Sometimes there are “secret” values or other data that you want to be made available to a Preview, but you don’t want to commit that data to git, and for security reasons, you don’t want to host it somewhere that Tugboat can grab it. These secret values usually include things like API keys to 3rd party services, or values used to encrypt session cookies that need to be unique to Tugboat but shared between your Previews.
Tugboat provides a convenient way of injecting these values into a Preview’s services via custom environment variables. These variables can be found on the Repository Settings page.
Like the other environment variables that Tugboat provides, the variables entered here are available to your Previews both while they are building as well as while they are running.
When you’re working with custom environment variables in Tugboat, you may want to:
For security reasons, you may want to limit the scope of environment variables containing sensitive data to only be available when they are needed. By default, Tugboat’s custom environment variables are always available, but you can define specific times in the build process for these variables to be available.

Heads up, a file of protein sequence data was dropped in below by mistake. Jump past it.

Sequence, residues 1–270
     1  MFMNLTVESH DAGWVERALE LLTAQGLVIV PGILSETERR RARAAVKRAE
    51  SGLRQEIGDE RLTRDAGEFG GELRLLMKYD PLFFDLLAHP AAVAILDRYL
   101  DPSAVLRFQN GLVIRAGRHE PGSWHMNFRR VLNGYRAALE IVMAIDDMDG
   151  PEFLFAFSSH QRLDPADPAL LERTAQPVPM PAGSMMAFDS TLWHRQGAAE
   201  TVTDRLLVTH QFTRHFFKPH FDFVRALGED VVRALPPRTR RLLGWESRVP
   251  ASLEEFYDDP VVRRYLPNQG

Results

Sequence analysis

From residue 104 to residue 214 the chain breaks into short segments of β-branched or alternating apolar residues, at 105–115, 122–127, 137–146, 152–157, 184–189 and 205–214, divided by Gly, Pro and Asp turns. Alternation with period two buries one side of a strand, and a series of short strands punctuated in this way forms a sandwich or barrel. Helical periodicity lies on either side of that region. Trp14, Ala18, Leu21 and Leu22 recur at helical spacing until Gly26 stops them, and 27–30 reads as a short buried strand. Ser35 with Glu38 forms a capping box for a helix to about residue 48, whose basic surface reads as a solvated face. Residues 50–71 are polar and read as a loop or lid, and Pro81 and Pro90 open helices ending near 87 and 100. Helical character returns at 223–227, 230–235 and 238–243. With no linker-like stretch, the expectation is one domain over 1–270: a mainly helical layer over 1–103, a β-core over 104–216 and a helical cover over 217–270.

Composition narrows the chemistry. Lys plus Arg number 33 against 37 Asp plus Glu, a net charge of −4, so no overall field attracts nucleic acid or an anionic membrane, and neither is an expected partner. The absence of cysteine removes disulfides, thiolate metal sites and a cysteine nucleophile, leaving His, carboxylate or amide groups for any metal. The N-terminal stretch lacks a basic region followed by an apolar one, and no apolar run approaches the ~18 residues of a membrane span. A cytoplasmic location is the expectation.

You can specify scope for environment variable availability in a few ways:
When you go to add or edit a custom environment variable from the Repository Settings screen, you’ll see checkboxes where you can specify the envvar scope.
You can specify
Run-Time Variable, both, or neither.
If you use the Tugboat CLI, you can specify the environment variable availability using arguments on
id=repository_id. The Tugboat CLI takes
runvars arguments for global, build time, and
Global environment variable example:
tugboat id=repository_id envvars=foo=bar=,key=value
Build-time-scoped environment variable example:
tugboat id=repository_id buildvars=foo=bar=,key=value
Runtime-scoped environment variable example:
tugboat id=repository_id runvars=foo=bar,key=value
If you’re using the API, you can pass an environment variable array, including scope, via the Create a Repository POST or the Update a Repository PATCH endpoints.
Environment variables are good at storing simple string values. However, what if you need to store something more complex, like an encoded JSON string, or the contents of an arbitrary file? One way of accomplishing that is to base64 encode the value, and then decode the value with a configuration file command.
$ cat file | base64 Q2h1Z2dhIENodWdnYSBUdWdib2F0IQo=
Store that value into an environment variable. Then, extract it to a file you can use in your Preview with something like the following:
echo $VAR | base64 -D > /tmp/file